ALBANY — Gov. Andrew Cuomo late Monday vetoed a bill that would have bolstered inspections of parking ramps across New York.
The Legislature passed the measure in June, but Cuomo said the bill was inconsistent with existing laws that oversee inspection of the ramps.
"I fully agree that parking structures must be inspected and maintained to ensure they remain safe for drivers," Cuomo wrote in his veto message.
"However, this bill is fundamentally flawed and cannot be implemented as currently drafted."
Lawmakers in the Southern Tier pressed for the bill after an investigation in 2015 by Gannett Central New York Media found New York has no laws or regulations requiring public or private parking structures to undergo structural inspections.
There was a partial collapse of a parking ramp at UHS Wilson Medical Center in Johnson City, Broome County, in July 2015. In 2006, portions of the ramp at the South Avenue Parking Garage in Rochester collapsed.
The bill would have required the inspections to be done by licensed professional engineers, and advocates said the law would have been the first of its kind in the nation.
“We are very disappointed with the veto of our bill that would have ensured the safety and structural inspections of parking structures throughout the state," the bill's sponsor, Assemblywoman Donna Lupardo, D-Endwell, Broome County, and Sen. Thomas O'Mara, R-Big Flats, Chemung County, said in a statement.
Cuomo said he will direct the secretary of state and the state's Code Council to review existing laws and determine whether additional inspections of parking structures are needed, saying, "I am fully committed to ensuring the safety of our citizens."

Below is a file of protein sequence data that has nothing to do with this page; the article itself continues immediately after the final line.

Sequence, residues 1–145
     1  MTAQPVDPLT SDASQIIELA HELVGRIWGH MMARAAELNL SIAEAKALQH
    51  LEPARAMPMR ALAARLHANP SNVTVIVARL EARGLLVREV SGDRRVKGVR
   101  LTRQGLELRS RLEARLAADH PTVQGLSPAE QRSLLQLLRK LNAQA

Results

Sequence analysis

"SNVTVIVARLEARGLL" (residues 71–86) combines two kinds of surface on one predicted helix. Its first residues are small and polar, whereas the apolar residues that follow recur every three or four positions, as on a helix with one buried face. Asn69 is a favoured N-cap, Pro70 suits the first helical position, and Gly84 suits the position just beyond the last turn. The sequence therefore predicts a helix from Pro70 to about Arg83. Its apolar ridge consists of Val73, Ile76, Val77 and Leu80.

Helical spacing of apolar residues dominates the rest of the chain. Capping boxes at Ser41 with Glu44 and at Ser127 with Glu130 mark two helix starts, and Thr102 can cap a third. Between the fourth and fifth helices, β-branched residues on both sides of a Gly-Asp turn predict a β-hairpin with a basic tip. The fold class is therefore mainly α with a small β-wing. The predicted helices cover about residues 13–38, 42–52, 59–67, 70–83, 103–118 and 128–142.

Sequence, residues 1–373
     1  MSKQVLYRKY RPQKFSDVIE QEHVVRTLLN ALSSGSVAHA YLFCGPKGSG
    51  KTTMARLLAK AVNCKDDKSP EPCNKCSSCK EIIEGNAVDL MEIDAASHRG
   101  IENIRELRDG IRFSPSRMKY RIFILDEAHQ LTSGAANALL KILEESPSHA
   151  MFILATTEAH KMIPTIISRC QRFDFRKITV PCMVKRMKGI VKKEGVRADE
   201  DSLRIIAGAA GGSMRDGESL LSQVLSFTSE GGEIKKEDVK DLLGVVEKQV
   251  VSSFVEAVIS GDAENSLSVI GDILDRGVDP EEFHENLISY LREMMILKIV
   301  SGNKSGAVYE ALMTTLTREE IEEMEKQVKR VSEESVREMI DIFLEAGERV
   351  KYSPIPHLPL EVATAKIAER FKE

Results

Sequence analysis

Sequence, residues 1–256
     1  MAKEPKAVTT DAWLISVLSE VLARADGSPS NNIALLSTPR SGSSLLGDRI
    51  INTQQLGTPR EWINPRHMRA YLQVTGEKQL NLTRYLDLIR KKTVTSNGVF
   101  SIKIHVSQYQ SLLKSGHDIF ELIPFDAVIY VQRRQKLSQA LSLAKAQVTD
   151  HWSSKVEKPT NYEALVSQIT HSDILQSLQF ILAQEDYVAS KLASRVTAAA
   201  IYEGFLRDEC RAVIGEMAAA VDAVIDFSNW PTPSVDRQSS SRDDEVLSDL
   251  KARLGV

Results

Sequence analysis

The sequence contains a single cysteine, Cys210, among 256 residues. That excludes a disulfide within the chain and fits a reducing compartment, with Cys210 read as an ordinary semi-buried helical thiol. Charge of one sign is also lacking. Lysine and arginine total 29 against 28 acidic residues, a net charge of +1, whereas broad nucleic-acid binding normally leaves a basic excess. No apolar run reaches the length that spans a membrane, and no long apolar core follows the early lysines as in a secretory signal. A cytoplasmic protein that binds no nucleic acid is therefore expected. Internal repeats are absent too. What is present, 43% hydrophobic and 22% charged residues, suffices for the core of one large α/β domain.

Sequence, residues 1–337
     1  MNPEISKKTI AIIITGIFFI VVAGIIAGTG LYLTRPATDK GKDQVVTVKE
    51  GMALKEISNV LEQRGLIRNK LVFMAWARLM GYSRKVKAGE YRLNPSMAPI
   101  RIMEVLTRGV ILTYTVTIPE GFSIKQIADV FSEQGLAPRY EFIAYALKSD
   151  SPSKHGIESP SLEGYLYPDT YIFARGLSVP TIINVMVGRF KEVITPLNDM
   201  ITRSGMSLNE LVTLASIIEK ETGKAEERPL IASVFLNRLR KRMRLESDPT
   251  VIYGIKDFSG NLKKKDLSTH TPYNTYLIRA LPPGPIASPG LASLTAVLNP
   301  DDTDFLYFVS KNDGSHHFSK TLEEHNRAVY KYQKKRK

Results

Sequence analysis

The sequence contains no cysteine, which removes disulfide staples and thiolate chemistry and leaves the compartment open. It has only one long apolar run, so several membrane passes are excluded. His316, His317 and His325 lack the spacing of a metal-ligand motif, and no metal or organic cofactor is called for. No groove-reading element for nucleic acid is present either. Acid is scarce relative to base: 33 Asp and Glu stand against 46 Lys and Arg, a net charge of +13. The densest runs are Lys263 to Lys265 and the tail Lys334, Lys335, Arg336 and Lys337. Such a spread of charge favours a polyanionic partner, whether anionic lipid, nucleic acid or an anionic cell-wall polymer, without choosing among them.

The bill would have required the state to update its building codes to allow for inspections of parking structures every five years -- as well as conduct immediate inspections after natural disasters.
But Cuomo said the bill would require municipalities to submit their inspections to the Code Council. But he said local governments are in charge of the inspections and enforcement of local codes.
Also, local governments already are have to perform periodic fire safety and property-maintenance inspections every three years. So the new bill would be repetitive, he said.
"This bill would unnecessarily duplicate efforts and require municipalities to expend additional resources, even in cases where there was no cause for concern," Cuomo wrote.
He added the Code Council is statutorily tasked to review any changes to the law, and it hadn't reviewed the bill.
Lupardo and O'Mara said they would continue to seek ways to bolster the inspections of parking garages, saying they will talk with state officials about next steps.
"This result does not end our resolve to ensure we see action on this critical public safety issue," they said.